We've been able to land rockets on their tail manually since the terrestrial LEM simulator (which almost killed Neil Armstrongr one day) and with computers since DC-X, but SpaceX was the first to try to recover a booster that way.

And the automated barge landing is something nobody ever tried before, but saves a ton of recovery fuel.

No doubt there are a lot of other additions to the list of firsts that were required to get a SpaceX booster recovered.

Comment Re:Vanilla is the only flavor I like (Score 1) 171

Incorrect.

As I said before, CyanogenMod and CyanogenOS are two different things. From my quick google search, what you're talking about does not apply to CyanogenMod, which is entirely open-source. The OnePlus One uses CyanogenOS.

This is like complaining about Google's telemetry in the Chromium browser (i.e., it doesn't exist, that's in Chrome).

Comment Re:heat (Score 1) 366

But it's not really about "where does the energy go." This thing is being sold as "doesn't send stuff out one end of spacecraft" and "imparts momentum."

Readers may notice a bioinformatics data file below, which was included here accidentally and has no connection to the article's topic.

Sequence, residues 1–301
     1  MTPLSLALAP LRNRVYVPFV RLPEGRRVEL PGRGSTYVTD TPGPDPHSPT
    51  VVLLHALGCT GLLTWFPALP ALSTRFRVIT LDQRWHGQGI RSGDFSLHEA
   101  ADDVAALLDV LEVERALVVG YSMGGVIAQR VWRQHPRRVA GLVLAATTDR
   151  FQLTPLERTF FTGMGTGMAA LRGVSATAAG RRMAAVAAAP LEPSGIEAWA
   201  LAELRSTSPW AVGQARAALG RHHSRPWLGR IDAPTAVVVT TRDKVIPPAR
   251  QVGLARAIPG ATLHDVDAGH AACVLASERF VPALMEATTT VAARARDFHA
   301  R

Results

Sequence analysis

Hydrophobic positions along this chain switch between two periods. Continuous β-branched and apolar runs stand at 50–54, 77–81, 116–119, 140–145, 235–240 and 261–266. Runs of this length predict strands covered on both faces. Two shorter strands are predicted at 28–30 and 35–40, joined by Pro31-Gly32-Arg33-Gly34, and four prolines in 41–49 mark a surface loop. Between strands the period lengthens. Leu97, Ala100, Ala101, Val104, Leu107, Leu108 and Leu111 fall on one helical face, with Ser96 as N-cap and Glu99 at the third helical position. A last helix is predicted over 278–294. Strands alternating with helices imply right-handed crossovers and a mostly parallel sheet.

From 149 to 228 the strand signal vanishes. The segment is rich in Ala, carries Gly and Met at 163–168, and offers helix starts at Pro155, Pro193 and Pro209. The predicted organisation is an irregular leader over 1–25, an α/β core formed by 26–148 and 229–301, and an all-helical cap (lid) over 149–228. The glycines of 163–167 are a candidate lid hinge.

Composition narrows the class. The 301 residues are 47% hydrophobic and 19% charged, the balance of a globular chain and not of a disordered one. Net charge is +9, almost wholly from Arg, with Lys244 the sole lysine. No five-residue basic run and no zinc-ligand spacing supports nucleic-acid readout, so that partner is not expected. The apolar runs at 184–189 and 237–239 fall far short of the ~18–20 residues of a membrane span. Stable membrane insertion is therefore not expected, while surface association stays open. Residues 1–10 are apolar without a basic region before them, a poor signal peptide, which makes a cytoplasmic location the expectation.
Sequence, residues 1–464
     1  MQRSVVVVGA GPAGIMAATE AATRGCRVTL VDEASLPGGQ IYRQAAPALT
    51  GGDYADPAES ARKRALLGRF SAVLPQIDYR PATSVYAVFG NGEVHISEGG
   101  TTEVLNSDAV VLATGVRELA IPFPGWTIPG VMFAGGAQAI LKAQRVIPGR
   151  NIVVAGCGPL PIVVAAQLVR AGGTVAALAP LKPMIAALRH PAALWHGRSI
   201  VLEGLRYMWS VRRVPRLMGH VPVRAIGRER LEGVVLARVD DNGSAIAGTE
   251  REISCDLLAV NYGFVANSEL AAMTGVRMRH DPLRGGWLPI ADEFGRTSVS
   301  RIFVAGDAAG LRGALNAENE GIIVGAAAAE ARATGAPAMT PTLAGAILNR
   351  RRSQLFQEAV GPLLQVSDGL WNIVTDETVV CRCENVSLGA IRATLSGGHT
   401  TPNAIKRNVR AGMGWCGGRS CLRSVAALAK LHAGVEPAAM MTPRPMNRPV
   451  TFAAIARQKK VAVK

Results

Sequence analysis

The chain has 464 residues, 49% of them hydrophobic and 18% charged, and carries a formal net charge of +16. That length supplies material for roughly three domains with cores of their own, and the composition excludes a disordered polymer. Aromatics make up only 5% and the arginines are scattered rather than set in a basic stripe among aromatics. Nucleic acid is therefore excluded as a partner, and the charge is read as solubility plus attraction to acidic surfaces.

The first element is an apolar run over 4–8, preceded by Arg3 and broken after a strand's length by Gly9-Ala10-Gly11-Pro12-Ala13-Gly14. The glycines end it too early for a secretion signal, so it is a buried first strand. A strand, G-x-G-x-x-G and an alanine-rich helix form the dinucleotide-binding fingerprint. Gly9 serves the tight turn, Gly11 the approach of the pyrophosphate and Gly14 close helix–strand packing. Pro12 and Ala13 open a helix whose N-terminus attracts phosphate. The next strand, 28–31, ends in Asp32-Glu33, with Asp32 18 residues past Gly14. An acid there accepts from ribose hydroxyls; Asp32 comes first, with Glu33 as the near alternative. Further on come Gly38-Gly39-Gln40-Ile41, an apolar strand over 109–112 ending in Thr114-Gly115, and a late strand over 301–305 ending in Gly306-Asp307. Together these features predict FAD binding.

It doesn't send mass out one end of the spacecraft, but the thing does consume energy, and quite a lot of it too from what I read. It's not a perpetual motion machine; those are allegedly able to continue operating with no energy input at all (aside from the initial amount required to achieve perpetual motion). This thing supposedly produces thrust using only energy, and no mass (ejected).

Submission + - Brain-Zapping Gadgets Need Regulation, Say Scientists and (Some) Manufacturers (ieee.org)

the_newsbeagle writes: You can now buy gadgets online that send electric current through your scalp to stimulate your brain. Why would you want to do that? Because the easy technique, called transcranial direct current stimulation (tDCS), is being investigated as a treatment for depression, a rehab aid for stroke patients, a learning enhancer for healthy people, and for many other neuropsychiatric applications.

However, the technique is so new that companies selling brain-zapping gadgets aren't bound by any regulations, and experts are worried that consumers will end up buying devices that aren't safe or simply aren't effective. So scientists and some manufacturers recently got together to discuss the scope of the problem, and what can be done about it.